[*45]  The Legislature, by an act approved May 7th, 1886, repealed this provision.

The offense of bribing persons to vote is always committed in secret; the briber and the bribed intend that the transaction shall be a secret between themselves; they seek such places to negotiate as they think will preclude the possibility of detection. This they can easily do. If others were on the alert to [***4]  detect them, their best efforts would prove a failure in ninety-nine cases out of a hundred. Also, it would be almost impossible to convict the parties upon circumstantial evidence alone. Therefore, the Legislature, seeing that the offense would be rarely, if ever, committed in the presence of third parties, and the impossibility of obtaining evidence, in nearly every instance, from that source, and the almost impossibility of convicting the offenders by circumstantial evidence alone, repealed the section supra, so as to allow a conviction to be had upon the testimony of a single witness.

And, for the reasons above indicated, we conclude that the Legislature intended that either the bribed or briber might be convicted on the testimony of the other. There is no doubt about the fact that the conduct of the briber is as reprehensible in the eye of the law as that of the bribed. Both are, in the eye of the law, guilty of infamous offenses; the one having bartered away his birthright, having sold his manhood, having betrayed the trust of his government; the other having furnished the corrupting wherewith, it is proper that either should be convicted upon the testimony of the other.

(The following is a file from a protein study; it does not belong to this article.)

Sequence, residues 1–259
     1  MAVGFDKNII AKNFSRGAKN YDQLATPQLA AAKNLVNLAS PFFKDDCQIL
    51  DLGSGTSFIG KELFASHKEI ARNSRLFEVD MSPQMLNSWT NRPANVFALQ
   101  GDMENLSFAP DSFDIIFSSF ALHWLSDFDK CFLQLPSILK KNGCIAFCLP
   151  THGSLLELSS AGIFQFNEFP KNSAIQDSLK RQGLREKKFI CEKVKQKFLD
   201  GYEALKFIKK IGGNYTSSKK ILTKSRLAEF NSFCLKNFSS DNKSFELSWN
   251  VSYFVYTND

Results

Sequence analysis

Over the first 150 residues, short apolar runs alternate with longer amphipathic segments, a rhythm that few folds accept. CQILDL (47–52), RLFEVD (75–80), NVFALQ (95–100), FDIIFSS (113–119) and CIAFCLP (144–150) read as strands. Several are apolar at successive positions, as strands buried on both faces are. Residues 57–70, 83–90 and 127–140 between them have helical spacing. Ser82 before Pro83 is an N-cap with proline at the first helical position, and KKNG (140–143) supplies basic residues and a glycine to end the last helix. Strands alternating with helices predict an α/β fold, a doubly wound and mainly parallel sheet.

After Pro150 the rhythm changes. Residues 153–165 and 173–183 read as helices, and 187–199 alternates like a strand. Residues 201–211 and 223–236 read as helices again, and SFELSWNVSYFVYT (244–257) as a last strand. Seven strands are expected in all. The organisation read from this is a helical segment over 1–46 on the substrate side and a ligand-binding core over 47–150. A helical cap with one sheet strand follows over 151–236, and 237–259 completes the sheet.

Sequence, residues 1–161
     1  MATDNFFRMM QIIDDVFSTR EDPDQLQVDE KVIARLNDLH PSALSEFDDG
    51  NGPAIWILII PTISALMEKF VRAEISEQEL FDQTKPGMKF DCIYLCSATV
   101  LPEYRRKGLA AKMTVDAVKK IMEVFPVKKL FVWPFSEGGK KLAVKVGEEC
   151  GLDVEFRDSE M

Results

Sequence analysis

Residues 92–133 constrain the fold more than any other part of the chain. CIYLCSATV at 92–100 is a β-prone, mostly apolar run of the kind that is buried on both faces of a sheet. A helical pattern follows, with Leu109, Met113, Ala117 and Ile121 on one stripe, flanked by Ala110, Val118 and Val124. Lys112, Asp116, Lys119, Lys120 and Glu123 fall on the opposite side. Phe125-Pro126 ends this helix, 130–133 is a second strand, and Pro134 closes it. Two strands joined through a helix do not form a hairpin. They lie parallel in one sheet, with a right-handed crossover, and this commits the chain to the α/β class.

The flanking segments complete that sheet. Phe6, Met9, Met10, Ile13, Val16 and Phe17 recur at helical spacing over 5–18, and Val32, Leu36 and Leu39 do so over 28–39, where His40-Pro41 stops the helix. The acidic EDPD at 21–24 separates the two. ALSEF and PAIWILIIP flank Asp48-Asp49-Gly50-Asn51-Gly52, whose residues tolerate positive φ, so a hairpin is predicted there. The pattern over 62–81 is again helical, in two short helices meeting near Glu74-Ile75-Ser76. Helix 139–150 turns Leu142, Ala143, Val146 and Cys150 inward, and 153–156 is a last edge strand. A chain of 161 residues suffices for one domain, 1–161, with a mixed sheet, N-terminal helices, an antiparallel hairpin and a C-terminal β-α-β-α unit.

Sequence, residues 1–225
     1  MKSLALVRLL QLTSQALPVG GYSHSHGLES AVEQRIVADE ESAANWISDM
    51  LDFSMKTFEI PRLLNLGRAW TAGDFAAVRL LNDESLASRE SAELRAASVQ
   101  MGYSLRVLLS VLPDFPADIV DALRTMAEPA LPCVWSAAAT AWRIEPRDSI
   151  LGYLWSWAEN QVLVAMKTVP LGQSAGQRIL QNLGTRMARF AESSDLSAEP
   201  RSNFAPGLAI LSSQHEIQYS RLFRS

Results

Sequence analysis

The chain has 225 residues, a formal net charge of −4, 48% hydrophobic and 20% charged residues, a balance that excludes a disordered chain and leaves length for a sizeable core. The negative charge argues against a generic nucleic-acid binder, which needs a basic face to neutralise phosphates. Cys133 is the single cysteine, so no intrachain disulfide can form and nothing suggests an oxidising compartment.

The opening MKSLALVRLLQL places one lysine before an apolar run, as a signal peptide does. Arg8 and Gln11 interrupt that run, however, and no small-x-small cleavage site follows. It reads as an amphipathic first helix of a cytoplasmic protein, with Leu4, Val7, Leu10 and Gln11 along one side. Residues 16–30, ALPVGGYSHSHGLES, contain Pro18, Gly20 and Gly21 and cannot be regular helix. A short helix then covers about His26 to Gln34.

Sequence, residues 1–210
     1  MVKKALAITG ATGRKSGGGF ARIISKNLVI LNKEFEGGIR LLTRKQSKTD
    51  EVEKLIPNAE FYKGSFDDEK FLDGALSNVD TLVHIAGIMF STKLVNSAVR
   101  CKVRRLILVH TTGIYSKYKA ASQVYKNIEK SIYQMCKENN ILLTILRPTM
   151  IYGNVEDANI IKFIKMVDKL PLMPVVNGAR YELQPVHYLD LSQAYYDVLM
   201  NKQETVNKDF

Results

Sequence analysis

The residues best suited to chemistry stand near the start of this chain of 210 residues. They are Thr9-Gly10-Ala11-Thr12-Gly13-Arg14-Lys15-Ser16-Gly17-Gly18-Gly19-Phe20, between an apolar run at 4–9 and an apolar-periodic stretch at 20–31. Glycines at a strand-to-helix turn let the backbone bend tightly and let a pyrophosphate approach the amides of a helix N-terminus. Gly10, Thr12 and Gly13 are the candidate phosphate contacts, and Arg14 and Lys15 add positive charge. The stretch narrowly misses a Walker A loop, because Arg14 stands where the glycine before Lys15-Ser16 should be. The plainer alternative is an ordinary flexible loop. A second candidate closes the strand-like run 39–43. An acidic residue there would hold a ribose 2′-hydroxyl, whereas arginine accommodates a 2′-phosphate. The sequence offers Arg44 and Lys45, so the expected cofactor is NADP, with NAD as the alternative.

[***5]  The jury, in their verdict, declared that the appellant  [*46]  should be deprived of his right of suffrage and to hold office. While this was not within the province of the jury, as it was made the duty of the court to so declare upon their verdict of guilty, yet the court entered judgment depriving the appellant of his right of suffrage and to hold office. This duty was mandatory upon the court, and the mere fact that the jury so declared in their verdict is not a reversible error.

It is contended that, in view of section 347 of the Criminal Code, which limits appeals to cases of fines for over fifty dollars, or to imprisonment for over thirty days, this court has not jurisdiction of this appeal. The statute in this case makes the offense of bribery or being bribed to vote at an election infamous. In this respect, it stands upon the same footing of other infamous crimes. And while the pecuniary fine of fifty dollars only was imposed upon the appellant, yet judgment was also rendered against him depriving him of his right to vote and to hold office. This is a penalty attached to all infamous crimes or offenses, which is not only a badge of disgrace and infamy, but deprives the [***6]  party of a most sacred right. It seems clear, therefore, that he has the right of appeal.

The judgment is affirmed.